"A'Bhean-bainnse Iùdhach" le Rembrandt (1667)
an raoin-lagha MHORALTA.
GRÀDH na thùs-sheagh modalach
agus analoidean sna raointean eile.
The original meaning-nucleus
of the MORAL law-sphere.
LOVE in its original modal sense
and its analogies in the other aspects.
Every attempt at defining the ethical sphere without indicating its modal meaning-kernel must result in an inescapable conflict with the central religious sphere of human existence.
One may try to solve this conflict either by reducing religion to morality or by reducing the latter to the former. Both attempts, however, are tantamount to a destruction of morality in its temporal meaning and are a serious threat to the central place of the radical commandment of Love in the fulness of its religious sense.
On the other hand, every serious attempt at an analysis of the modal meaning-structure of the moral relation leads us back to love as its irreducible kernel. There can be no single really moral 'virtue' which in the last analysis is not a manifestation of this modal nucleus of the ethical law-sphere (1).
(1) This is clearly seen by CALVIN in his Comment. in ep. ad Col. 3 :14, where he observes that 'the whole chorus of virtues is summarized in love. For it is the rule of the whole of life and of all actions; everything that is not reduced to it, is wrong, how great the splendour may be it has in another respect.'
["Agus thar na nithean seo uile, cuiribh umaibh gràdh, nì as e coicheangal na foirfeachd." (Colosianaich 3:14)
"Über alles aber ziehet an die Liebe, die da ist das Band der Vollkommenheit." (Kolosser 3:14 Luther Bibel 1545)
"And over all these virtues put on love, which binds them all together in perfect unity." (Colossians 3:14 NIV)]
But love in this temporal nuclear meaning cannot be the same as love in its religious fulness. The former is only a temporal modal meaning-refraction of the latter, determined by the whole inter-modal coherence of the different law-spheres in the order of cosmic time. Love, as the moral modality of human experience, cannot exist apart from its immediate foundation in the retributive meaning of the juridical aspect. The preceding modal aspects refer to it in the moral anticipations of their modal structures. In the biotic aspect, for instance, it is anticipated by the human sexual drive in its natural direction to moral unity in love: in the (sensory/psychic) feeling-aspect we meet with the moral feeling of love disclosing itself in different typical ways (cf. the feeling-impulse to help a fellow man who is in distress; the feeling-impulse of filial or parental love etc.). Even in the anticipatory structure of the logical aspect there is an inner coherence with the moral meaning-kernel of Love in the theoretical eros which has to direct the whole of our scientific activity and is a guarantee of 'logical morality' and integrity. In the cultural (historical) aspect we discover a moral anticipation in cultural love of our form-giving task in human civilization. In the lingual aspect a moral anticipation is implied in the love of a language, a tendency to signify our feelings, volition, thoughts etc. in the linguistically most adequate way inspired by the affection for language in its pure form.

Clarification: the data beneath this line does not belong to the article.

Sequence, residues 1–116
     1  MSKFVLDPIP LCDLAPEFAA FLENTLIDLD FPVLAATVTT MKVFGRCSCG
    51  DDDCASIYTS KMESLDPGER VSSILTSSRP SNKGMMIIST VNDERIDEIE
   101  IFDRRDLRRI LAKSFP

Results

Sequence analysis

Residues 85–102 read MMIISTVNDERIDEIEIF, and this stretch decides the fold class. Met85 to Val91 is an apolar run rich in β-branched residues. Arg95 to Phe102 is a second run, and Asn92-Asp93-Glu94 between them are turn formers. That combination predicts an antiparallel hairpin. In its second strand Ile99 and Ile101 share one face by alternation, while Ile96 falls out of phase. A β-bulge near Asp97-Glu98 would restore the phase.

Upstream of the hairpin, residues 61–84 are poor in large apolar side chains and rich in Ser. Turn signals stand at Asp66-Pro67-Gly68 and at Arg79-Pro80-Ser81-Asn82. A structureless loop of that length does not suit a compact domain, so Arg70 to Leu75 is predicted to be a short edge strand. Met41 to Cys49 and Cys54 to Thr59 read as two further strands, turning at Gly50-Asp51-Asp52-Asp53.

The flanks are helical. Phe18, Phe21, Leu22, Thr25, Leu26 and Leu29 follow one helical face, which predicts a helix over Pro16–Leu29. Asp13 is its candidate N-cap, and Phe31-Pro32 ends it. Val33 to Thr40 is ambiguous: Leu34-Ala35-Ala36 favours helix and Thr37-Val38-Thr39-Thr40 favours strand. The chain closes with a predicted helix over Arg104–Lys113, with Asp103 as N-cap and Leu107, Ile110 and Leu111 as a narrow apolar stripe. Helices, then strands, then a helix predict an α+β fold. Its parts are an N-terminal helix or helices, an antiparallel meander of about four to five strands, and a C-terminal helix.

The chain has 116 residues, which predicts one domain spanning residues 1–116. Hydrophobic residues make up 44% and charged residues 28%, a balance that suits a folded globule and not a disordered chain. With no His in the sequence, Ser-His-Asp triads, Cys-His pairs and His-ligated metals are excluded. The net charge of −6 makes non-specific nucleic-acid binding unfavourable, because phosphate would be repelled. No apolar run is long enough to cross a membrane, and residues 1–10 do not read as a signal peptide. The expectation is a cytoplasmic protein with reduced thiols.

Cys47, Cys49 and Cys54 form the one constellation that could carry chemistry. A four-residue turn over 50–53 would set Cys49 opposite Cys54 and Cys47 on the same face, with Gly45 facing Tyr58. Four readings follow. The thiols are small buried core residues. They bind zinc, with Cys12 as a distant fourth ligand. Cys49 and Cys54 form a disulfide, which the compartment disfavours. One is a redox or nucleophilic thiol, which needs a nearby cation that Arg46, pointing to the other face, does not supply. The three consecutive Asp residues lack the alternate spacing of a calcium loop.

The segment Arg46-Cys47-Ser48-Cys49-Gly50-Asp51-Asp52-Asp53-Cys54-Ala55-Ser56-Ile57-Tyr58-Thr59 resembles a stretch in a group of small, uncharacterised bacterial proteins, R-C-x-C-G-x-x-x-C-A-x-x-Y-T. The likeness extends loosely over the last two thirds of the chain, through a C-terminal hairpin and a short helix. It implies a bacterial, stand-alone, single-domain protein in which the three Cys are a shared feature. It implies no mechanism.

Love and the conventions of social intercourse.